Alternative Immunotherapy Drug More Effective than Current Standard of Care in Treating Advanced Melanoma after Surgical Removal of Disease
Nivolumab Cuts Relapse by One Third Compared to Ipilimumab
Newswise — The immunotherapy drug nivolumab is safer and more effective than ipilimumab—the current standard of care—in treating patients with resected stage III and stage IV melanoma, according to an international clinical trial led by a researcher from NYU Langone Health’s Perlmutter Cancer Center.
Principal investigator Jeffrey S. Weber, MD, PhD, professor of medicine at NYU School of Medicine and deputy director of Perlmutter Cancer Center, presented the findings September 11 in Madrid, Spain at the annual meeting of the European Society for Medical Oncology. The results of this study were also published simultaneously in the September 11, online version of the New England Journal of Medicine.
The study compared the two drugs in 906 patients with stage IIIb, IIIc, and IV melanoma. All participants had the disease surgically removed prior to receiving immunotherapy, making this study one of the first to investigate these very high risk patients in a head-to-head trial. The study involved two groups of 453 participants–one treated with nivolumab and the other treated with ipilimumab.
After 12 months of continuous therapy, 71% of patients treated with nivolumab lived without recurrence of the disease, compared with 61% of those treated with ipilimumab. At 18 months, the relapse-free survival rate for nivolumab was 66 percent, while it was only 53 percent for ipilimumab. This international trial was conducted at 130 medical centers across 25 different countries.
“Our results demonstrate that nivolumab is more effective in treating patients with stage III and IV melanoma, cutting the risk of relapse by a third,” Weber says. “Results like this will change how we practice medicine. Hopefully, physicians will embrace the use of nivolumab in these high risk patients as adjuvant therapy.”
Nivolumab, publicly marketed as Opdivo, also was more tolerable for patients than ipilimumab. Only 14 percent of patients treated with nivolumab experienced severe side effects while 45 percent of patients experienced them with ipilimumab. Some patients had to discontinue treatment due to the severity—but only five percent of those on nivolumab, as opposed to 31 percent of those on ipilimumab. The most common side effects for both therapies were fatigue and diarrhea.
“The safety of nivolumab is very promising,” Weber adds. “Compared with the high toxicity of ipilimumab, it is much more tolerable for the patients. Given its tolerability, combined with its efficacy, nivolumab could realistically become the new standard of care for adjuvant melanoma treatment.”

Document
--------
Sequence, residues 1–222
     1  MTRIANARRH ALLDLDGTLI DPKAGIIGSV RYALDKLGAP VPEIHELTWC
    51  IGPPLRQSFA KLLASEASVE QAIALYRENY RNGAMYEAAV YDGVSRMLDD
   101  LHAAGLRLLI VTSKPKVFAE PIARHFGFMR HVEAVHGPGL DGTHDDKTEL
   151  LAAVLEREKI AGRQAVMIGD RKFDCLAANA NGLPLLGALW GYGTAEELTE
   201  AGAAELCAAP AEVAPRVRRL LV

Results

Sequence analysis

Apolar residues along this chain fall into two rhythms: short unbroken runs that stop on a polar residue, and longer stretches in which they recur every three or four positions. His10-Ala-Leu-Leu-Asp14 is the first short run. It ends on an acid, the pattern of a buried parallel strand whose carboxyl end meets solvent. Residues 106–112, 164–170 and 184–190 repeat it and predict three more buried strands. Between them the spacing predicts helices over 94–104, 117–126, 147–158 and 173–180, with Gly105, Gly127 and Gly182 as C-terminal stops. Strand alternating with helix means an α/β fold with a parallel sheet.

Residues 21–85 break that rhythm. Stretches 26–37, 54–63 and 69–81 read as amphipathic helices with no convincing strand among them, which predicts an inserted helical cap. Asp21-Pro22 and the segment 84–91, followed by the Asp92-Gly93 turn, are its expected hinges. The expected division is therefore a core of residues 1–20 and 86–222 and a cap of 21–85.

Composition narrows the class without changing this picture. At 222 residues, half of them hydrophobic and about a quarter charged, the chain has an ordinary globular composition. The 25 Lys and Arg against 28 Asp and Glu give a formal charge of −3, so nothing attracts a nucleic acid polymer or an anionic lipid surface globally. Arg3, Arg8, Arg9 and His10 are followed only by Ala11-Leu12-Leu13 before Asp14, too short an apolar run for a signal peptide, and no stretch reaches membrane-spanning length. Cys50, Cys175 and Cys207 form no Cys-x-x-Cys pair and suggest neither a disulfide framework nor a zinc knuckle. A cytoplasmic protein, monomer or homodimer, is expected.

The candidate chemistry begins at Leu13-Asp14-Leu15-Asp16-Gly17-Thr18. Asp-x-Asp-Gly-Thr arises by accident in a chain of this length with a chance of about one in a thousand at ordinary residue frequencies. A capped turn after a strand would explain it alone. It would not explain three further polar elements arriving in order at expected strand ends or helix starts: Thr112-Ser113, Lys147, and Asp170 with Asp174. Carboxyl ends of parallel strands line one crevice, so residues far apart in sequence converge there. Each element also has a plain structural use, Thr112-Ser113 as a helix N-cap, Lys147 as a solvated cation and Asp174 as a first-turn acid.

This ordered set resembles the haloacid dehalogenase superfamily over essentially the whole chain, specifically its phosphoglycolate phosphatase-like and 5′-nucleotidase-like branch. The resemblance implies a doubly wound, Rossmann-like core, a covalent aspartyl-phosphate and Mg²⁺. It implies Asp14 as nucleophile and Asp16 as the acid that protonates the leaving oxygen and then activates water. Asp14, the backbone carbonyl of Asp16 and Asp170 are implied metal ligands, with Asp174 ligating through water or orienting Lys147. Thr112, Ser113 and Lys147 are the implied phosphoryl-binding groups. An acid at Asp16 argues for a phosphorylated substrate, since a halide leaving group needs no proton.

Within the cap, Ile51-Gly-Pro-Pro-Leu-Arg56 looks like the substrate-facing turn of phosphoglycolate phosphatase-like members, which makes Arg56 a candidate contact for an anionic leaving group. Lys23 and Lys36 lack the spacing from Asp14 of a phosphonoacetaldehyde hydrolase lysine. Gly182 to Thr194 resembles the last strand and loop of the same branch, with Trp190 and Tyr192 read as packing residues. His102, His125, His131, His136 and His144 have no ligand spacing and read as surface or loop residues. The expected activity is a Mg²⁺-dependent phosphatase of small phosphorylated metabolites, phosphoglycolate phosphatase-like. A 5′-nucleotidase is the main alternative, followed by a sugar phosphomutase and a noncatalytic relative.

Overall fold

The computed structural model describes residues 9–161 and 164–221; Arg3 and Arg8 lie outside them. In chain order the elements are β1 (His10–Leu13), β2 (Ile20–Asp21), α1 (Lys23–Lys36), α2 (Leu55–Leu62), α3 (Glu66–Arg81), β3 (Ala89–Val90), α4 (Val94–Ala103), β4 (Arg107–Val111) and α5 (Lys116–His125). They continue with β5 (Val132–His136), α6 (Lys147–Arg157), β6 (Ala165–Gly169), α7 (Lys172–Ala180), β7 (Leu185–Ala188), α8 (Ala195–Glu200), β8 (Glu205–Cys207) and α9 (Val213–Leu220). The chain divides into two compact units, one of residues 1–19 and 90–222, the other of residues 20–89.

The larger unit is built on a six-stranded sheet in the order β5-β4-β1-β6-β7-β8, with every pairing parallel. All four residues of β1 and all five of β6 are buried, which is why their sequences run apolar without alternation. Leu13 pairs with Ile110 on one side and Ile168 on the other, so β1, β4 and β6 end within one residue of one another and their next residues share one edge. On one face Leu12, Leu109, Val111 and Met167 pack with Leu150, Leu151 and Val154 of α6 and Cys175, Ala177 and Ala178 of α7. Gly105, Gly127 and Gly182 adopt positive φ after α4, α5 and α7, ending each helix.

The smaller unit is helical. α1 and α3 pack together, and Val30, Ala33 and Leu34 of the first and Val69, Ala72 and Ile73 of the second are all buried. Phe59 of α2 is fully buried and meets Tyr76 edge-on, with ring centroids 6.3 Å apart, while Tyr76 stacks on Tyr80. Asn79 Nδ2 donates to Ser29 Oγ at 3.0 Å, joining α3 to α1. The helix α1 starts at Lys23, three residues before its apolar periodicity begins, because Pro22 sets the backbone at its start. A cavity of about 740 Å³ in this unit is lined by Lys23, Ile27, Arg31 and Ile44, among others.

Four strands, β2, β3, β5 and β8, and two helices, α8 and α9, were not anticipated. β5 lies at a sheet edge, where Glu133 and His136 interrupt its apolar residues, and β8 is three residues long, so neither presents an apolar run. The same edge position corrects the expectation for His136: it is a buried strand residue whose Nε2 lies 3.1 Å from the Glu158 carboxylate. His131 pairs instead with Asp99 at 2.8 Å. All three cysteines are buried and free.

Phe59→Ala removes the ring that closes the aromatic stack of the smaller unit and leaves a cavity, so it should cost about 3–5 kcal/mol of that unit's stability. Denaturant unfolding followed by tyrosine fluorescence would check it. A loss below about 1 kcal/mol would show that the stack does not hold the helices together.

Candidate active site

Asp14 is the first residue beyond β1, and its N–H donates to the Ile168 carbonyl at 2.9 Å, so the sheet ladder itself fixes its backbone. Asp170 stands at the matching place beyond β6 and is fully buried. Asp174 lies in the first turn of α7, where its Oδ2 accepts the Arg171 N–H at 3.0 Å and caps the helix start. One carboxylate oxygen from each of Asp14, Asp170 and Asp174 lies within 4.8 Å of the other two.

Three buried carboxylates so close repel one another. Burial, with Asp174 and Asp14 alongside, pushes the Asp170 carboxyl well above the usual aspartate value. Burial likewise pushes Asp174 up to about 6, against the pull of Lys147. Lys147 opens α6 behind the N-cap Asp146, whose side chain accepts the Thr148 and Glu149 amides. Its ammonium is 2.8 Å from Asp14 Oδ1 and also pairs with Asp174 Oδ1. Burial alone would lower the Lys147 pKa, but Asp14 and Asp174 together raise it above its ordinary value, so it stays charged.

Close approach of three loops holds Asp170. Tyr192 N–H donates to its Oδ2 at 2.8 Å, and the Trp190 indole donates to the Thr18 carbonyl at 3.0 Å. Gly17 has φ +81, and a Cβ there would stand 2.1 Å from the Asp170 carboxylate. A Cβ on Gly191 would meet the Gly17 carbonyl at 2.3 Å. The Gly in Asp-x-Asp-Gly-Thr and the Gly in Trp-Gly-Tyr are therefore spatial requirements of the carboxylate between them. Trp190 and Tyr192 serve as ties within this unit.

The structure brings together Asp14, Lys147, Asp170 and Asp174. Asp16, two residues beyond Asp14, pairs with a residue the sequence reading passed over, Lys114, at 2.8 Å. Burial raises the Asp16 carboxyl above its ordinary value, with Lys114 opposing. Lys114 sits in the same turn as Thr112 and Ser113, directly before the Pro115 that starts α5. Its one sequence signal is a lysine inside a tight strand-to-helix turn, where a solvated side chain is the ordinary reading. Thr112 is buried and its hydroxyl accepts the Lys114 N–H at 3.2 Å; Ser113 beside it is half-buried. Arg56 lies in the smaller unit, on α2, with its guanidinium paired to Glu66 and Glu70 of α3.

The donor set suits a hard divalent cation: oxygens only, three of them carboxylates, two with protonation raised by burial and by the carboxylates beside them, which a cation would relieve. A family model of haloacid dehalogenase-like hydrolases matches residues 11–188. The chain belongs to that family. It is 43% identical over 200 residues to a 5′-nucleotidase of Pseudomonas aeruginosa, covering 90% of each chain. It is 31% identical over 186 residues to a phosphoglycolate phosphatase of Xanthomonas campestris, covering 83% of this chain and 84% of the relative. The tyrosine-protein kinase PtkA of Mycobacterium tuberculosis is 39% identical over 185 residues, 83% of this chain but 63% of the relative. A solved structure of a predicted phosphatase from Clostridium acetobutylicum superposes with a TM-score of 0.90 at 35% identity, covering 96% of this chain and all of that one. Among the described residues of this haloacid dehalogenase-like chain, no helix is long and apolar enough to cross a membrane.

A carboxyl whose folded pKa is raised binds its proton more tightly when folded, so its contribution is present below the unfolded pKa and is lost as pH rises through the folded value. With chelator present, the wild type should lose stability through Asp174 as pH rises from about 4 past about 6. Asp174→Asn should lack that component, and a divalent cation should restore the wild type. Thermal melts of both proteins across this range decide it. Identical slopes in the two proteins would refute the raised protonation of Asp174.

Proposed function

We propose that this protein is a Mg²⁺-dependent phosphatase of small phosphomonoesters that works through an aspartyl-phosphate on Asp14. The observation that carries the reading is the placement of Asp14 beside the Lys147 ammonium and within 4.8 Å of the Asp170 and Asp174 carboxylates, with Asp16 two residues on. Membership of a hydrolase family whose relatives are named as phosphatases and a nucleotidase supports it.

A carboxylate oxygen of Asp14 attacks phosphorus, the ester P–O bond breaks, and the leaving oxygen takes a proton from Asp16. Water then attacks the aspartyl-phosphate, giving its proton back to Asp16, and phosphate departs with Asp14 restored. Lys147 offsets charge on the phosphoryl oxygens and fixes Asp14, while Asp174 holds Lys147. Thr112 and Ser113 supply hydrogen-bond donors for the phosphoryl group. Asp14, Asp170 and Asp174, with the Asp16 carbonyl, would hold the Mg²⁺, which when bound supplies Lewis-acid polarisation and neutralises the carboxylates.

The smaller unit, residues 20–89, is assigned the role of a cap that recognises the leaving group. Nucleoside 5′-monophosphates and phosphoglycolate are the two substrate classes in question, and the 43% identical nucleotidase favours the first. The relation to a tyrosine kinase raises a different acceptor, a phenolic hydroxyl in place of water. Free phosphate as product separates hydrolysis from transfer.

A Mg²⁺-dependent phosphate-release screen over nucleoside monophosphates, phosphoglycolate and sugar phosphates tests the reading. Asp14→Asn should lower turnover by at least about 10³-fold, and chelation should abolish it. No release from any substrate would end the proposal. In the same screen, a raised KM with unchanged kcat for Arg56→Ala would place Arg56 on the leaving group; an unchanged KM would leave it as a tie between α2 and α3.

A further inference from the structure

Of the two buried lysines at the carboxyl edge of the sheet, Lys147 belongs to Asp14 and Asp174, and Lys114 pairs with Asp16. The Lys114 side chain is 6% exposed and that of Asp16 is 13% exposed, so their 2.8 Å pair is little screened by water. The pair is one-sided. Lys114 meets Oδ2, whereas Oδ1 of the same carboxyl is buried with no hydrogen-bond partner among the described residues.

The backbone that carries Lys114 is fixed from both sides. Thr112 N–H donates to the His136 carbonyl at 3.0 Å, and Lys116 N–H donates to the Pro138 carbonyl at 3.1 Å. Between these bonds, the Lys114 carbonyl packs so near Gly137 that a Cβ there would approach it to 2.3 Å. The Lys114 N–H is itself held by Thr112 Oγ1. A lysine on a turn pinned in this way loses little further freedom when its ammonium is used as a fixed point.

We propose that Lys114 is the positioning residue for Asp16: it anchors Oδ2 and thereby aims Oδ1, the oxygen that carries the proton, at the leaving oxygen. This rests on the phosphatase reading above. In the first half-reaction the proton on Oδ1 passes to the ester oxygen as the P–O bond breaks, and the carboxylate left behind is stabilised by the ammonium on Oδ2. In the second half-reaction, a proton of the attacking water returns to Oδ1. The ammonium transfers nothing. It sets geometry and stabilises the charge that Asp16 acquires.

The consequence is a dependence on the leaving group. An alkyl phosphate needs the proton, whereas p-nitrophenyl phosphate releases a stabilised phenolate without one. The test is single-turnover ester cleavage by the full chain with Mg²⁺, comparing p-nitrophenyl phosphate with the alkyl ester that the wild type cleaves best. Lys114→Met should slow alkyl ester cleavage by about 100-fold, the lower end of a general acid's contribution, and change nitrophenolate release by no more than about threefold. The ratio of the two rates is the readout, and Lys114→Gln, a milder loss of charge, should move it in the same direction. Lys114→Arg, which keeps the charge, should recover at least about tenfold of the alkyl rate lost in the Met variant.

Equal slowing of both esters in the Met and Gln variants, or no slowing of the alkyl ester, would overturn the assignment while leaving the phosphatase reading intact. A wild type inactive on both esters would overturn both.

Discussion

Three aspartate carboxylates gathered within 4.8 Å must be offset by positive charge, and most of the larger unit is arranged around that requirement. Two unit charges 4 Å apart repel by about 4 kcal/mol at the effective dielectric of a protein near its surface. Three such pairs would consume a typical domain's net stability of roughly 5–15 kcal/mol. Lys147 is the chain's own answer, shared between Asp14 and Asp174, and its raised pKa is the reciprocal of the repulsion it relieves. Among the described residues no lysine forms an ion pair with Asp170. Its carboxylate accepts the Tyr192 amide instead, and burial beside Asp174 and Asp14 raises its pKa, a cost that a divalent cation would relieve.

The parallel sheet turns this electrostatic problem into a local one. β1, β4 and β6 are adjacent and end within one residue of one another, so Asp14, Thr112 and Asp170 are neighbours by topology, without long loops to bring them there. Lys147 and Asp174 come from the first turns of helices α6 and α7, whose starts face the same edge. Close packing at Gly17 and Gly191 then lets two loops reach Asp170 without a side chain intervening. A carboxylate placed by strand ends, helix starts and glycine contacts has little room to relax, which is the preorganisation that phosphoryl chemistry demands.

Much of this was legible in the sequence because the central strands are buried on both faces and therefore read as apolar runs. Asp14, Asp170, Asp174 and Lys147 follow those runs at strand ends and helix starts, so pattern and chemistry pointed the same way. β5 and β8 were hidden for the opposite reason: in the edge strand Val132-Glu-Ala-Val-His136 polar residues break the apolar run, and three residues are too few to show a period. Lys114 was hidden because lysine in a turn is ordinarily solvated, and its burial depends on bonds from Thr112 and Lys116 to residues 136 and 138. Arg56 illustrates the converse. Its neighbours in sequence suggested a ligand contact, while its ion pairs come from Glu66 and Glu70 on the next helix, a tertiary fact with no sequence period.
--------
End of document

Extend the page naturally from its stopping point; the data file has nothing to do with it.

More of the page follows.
Metastatic melanoma accounts for approximately one percent of skin cancer cases, but, at the same time, causes the majority of skin cancer deaths. Nivolumab and ipilimumab are already FDA-approved in the treatment of metastatic melanoma; for some patients, the two drugs have been used in combination.
Weber says that he hopes to lead further research that looks at categorizing tumors that occur in relapsed patients and studying whether or not they would benefit from another resection and more nivolumab. He also says that more studies are needed to examine why some patients relapse following treatment and others do not.
“Knowing that nivolumab is more effective and safer than ipilimumab as adjuvant therapy will change how we treat this fatal disease,” Weber concludes. “I predict that fewer people will die from metastatic melanoma in the next decade compared to the last because of therapies like nivolumab.”
Bristol Meyers Squibb, the manufacturer of both nivolumab and ipilimumab, funded this clinical trial and provided Weber and his colleagues with research support.
About NYU Langone Health: NYU Langone Health is a world-class, patient-centered, integrated academic medical center, known for its excellence in clinical care, research, and education. Included in the 200+ locations throughout the New York area are five inpatient locations: Tisch Hospital, its flagship acute-care facility; Rusk Rehabilitation, ranked as one of the top 10 rehabilitation programs in the country; NYU Langone Orthopedic Hospital, a dedicated inpatient orthopedic hospital with all musculoskeletal specialties ranked top 10 in the country; Hassenfeld Children's Hospital at NYU Langone, a comprehensive pediatric hospital supporting a full array of children's health services; and NYU Langone Hospital—Brooklyn, a full-service teaching hospital and level 1 trauma center located in Sunset Park, Brooklyn. Also part of NYU Langone Health is the Laura and Isaac Perlmutter Cancer Center, a National Cancer Institute–designated cancer center, and NYU School of Medicine, which since 1841 has trained thousands of physicians and scientists who have helped to shape the course of medical history. For more information, go to nyulangone.org, and interact with us on Facebook, Twitter, YouTube, and Instagram.